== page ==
CLEVELAND, OH (WOIO) - Cleveland schools are asking parents to include sunscreen in their list of back to school supplies this year.
Ohio just became the seventh state to pass SUNucate legislation for schools. This new law takes sunscreen off the list of medications that require a doctor's note or a prescription.
Cleveland Schools' Director of Nursing and Health Services Debbie Aloshen knows first hand the damage that the sun can do.
"I've had three spots - basil cell already," said Aloshen.
Aloshen says medical professionals like her have tried for years to get the red tape connected to the use of sunscreen at school removed.
"In the past, we had to send individual notes home on every child that needed sunscreen. If they were going some place, we expected the parents to send it to us. Now there's two problems with that. It needed a doctor's signature, and it needed a parent to fill it out totally and then send the sunscreen, which it can break down in any of those three parts - usually the doctor," said Aloshen.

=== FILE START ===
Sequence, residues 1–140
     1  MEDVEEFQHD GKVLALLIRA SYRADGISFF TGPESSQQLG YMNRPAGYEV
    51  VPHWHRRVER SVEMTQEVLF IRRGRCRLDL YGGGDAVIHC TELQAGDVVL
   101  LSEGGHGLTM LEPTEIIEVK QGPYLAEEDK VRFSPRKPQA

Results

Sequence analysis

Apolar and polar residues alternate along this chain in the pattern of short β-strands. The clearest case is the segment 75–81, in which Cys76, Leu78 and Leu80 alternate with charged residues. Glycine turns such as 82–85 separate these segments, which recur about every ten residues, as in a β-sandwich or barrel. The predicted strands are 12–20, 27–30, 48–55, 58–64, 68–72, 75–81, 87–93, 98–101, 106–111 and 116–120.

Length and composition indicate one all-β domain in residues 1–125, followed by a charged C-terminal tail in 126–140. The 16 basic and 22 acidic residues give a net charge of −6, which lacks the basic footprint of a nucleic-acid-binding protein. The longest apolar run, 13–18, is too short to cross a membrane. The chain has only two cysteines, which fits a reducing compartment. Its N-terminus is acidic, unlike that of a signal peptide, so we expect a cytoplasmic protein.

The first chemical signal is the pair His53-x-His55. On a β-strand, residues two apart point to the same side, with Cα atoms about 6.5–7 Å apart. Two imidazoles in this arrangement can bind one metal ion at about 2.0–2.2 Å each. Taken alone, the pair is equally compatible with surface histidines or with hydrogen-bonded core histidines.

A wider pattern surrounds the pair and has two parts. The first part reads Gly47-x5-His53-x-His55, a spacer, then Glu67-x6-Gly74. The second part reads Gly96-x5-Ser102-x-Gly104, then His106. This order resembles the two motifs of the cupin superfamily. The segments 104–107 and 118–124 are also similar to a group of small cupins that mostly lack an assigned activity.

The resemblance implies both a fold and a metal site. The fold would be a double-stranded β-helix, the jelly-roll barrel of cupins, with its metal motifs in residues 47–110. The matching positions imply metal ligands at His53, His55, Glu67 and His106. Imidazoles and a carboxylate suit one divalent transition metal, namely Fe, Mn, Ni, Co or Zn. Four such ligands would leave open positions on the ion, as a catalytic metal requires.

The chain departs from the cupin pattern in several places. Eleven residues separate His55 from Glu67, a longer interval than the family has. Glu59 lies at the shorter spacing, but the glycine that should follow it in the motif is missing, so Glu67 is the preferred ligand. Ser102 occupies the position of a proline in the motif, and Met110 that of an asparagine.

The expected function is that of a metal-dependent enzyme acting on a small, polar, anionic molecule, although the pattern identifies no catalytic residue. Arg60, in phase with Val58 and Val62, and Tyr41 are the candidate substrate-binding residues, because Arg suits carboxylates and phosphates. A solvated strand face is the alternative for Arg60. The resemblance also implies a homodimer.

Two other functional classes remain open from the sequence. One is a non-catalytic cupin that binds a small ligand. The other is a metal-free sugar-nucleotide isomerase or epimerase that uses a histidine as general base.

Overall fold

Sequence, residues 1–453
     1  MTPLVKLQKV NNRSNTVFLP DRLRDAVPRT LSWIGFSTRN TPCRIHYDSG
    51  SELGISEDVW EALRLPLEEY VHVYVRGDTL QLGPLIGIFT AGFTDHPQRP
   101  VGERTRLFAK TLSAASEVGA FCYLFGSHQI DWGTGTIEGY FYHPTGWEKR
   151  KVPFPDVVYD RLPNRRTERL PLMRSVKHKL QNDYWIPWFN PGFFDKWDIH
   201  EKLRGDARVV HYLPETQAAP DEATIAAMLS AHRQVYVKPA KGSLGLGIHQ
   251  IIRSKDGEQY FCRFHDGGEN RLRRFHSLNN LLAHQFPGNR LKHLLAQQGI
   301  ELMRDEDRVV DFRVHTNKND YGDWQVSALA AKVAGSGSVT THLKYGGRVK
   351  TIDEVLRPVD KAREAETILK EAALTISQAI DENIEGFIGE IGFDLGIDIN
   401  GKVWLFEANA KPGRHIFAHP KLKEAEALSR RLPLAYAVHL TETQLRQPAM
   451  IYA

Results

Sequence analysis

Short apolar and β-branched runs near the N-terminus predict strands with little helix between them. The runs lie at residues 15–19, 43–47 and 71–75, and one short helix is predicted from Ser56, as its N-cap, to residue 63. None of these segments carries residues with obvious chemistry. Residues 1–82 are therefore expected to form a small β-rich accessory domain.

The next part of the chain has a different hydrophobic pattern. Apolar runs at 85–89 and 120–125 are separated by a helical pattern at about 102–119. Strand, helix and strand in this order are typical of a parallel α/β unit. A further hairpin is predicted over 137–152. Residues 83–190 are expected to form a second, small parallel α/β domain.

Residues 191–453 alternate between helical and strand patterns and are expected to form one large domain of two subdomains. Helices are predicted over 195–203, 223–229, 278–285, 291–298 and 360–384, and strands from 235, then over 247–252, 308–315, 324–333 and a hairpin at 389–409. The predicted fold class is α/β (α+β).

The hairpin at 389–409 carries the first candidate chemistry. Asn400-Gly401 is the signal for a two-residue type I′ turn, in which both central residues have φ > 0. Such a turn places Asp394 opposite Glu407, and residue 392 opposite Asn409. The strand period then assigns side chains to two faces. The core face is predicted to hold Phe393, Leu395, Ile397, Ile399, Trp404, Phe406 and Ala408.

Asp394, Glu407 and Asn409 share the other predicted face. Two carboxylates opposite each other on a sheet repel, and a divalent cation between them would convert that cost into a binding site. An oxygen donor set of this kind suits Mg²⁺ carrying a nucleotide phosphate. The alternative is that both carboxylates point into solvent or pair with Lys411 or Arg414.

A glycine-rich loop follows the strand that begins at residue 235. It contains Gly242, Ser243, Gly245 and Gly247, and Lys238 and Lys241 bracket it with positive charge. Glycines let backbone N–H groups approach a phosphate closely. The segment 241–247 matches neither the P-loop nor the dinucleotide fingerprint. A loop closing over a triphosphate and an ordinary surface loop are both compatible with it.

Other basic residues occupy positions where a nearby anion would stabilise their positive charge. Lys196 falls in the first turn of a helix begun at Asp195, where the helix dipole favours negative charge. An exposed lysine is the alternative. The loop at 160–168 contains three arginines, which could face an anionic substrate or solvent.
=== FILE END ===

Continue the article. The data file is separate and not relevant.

The risks of not using sunscreen are dangerous.
"We are seeing melanoma in teenagers and young adults. We never saw that before. We'd see melanoma in 50- and 60-year-olds, but to see it in a 16- or 17-year-old is devastating," added Aloshen.
Aloshen says she's heard people say 20 minutes outside at recess without sunscreen is harmless. She says she's also heard people say that only fair skinned people need to wear it. Both statements are untrue, according to many doctors.
"It happens with children of all races - people have got to remember that. It's not the very fair skinned kids, it can be the dark skinned kids who will burn terribly," said Aloshen.
Parents are not required to send in sunscreen right now, but the hope is that parents will be able to afford to buy it and send it in right along with pencils and notebook paper.